1,3,5-triazine, also called s-triazine, is an organic chemical compound with the formula (HCN)3. It is a six-membered heterocyclic aromatic ring, one of several isomeric triazines. S-triazine and its derivatives are useful in a variety of applications.
|Preferred IUPAC name|
Hydrogen cyanide trimer
3D model (JSmol)
CompTox Dashboard (EPA)
|Molar mass||81.08 g/mol|
|Appearance||White crystalline solid|
|Melting point||81 to 83 °C (178 to 181 °F; 354 to 356 K)|
|Main hazards||Sensitive to water|
Except where otherwise noted, data are given for materials in their standard state (at 25 °C [77 °F], 100 kPa).
Symmetrical 1,3,5-triazines are prepared by trimerization of certain nitriles such as cyanogen chloride or cyanimide. Benzoguanamine (with one phenyl and 2 amino substituents) is synthesised from benzonitrile and dicyandiamide. In the Pinner triazine synthesis (named after Adolf Pinner) the reactants are an alkyl or aryl amidine and phosgene. Insertion of an N-H moiety into a hydrazide by a copper carbenoid, followed by treatment with ammonium chloride also gives the triazine core.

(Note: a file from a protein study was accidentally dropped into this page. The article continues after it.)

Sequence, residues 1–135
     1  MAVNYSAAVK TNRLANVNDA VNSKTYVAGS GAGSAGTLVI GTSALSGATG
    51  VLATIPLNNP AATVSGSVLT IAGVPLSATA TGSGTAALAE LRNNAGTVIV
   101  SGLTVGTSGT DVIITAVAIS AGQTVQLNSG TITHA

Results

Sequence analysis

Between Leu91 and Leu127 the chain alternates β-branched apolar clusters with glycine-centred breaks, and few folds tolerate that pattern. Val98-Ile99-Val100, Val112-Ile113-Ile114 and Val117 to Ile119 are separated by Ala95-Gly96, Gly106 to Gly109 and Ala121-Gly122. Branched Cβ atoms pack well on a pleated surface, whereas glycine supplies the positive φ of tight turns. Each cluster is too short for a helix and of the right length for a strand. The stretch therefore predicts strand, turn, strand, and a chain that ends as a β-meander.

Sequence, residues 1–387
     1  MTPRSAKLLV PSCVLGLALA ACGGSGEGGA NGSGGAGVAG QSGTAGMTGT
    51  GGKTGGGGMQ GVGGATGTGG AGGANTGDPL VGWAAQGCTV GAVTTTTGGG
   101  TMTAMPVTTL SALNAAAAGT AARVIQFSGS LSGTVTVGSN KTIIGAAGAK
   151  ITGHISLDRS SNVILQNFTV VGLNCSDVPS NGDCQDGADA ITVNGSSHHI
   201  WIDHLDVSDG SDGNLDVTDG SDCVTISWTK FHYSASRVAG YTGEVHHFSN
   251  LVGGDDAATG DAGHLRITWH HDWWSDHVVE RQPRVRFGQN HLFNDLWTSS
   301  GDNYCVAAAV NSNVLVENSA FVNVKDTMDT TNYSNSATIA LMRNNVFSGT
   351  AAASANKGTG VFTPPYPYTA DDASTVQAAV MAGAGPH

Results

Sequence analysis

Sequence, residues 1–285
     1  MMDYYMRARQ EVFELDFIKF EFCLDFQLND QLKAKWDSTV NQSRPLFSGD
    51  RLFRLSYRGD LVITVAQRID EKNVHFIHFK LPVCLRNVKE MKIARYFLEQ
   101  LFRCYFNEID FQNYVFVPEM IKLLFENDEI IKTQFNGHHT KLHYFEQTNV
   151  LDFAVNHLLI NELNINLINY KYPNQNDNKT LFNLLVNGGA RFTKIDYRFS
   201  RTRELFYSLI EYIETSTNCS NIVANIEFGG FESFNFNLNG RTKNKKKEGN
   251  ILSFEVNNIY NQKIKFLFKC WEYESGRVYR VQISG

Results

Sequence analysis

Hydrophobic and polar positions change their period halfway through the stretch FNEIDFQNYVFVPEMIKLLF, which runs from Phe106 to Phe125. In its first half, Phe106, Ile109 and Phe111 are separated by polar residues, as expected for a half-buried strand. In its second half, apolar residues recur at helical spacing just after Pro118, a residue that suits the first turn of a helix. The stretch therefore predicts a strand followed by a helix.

- (H2N)2C=NCN + RCN → (CNH2)2(CR)N3
As a reagent in organic synthesis, s-triazine is used as the equivalent of hydrogen cyanide (HCN). Being a solid (vs a gas for HCN), triazine is sometimes easier to handle in the laboratory. One application is in the Gattermann reaction, used to attach the formyl group to aromatic substrates.
N- and C-substituted triazines are used industrially. The most common derivative of 1,3,5-triazine is 1,3,5-triazine-2,4,6-triamine, commonly known as melamine or cyanuramide. Another important derivative is 1,3,5-triazine-2,4,6-triol better known as cyanuric acid.
2,4,6-Trichloro-1,3,5-triazine (cyanuric chloride) is the starting point for the manufacture of many herbicides such as Simazine and atrazine. Chlorinated triazines are the basis of an important family of reactive dyes, which are covalently attached to cellulosic materials.
Triazines are also found in pharmaceutical products.
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